We were given biscuits and bottle of water. There was WiFi around, but we could not get it because one has to either have a Chinese phone number, or go to a booth to print a internet password ticket, but the booths are in the departure hall area.
Fortunately, we were later allowed to get the baggage from the baggage claim under the official supervision, returned to the area before the custom, and got the passports back. However, we needed to sleep within the limbo area. The officials opened up the staff room with couches. Having jet lag and feeling cold, I could not sleep, so I finished editing a paper. Not long after at 4:30 am, we were told that the transfer counter was open.
I got through the transfer with the two pieces of 50-lb baggage and a carry-on. I was told that I needed to move them until I got to the gate, where the baggage could be checked in again. Then, I saw that I needed to put the baggage in the X-ray again. "Oh! No!", thought I. Many of you know that items forbidden in carry-on baggage are not necessarily forbidden in checked baggage. Now, when all checked baggage becomes carry-on, I was stopped for having a pocket knife in my supposedly checked baggage. The good news was: after I explained what had happened, they allowed me to put the pocket knife back into the checked baggage.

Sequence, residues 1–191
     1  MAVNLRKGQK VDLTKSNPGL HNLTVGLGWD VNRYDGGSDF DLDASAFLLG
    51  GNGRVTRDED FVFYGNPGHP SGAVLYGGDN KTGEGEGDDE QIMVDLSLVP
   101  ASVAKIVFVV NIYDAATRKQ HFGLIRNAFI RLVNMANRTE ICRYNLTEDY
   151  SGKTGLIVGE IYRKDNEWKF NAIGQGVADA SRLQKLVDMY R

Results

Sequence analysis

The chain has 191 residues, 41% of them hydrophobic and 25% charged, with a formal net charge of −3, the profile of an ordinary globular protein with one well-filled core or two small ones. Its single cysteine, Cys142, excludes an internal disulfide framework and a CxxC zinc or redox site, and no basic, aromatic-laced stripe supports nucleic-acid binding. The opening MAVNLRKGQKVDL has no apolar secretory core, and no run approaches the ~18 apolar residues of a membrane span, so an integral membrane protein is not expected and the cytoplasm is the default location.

On my way to the gate and at the gate, other travelers looked at me because of the number of baggage pieces that I had. At one instance, I was told how strong I was to carry all pieces of baggage by one person. I feel such comments were unnecessary. At this moment, I could finally reach the booth that gave out WiFi password. However, it was not working. We needed to scan our passport to get the Wifi password, but the computer screen was frozen. After testing a few times, I tried to find the only other location that gives WiFi password: the information counter, but it was too early. Nobody was there. I was later told to come back to the booth in an hour.
Thus, I waited at the gate for the 8:30 am flight. After an hour, I finally found the computer screen at the booth was fixed, and I could finally get internet at 6 am! The internet was important because I could tell my family when my Hong Kong arrival time would be, so they would feel safe.
The final stretch of inconvenience was that the flight gate was not the kind where the plane directly connect to the concourse. The gate was the one where we needed to take a bus to the plane. Thus, I caused more inconvenience by taking all three pieces of baggage on and off the bus. The Shanghai connection nightmare finally ended when I got to the plane and left the checked baggage to the outdoor crew.
The flight back to Hong Kong was uneventful, and I got the checked baggage without problem. I was finally home at ~12:30 pm on Wednesday.
Next time, besides checking the price of the air ticket, I should also check if the flight will get through China. I do not want this to happen in my dissertation defense trip.